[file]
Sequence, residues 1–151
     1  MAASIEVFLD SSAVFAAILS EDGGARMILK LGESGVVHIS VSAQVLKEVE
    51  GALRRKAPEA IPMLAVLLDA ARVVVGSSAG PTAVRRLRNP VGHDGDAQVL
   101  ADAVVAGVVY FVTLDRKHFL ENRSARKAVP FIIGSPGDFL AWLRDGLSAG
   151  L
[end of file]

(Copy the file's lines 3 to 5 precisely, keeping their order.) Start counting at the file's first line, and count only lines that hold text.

    51  GALRRKAPEA IPMLAVLLDA ARVVVGSSAG PTAVRRLRNP VGHDGDAQVL
   101  ADAVVAGVVY FVTLDRKHFL ENRSARKAVP FIIGSPGDFL AWLRDGLSAG
   151  L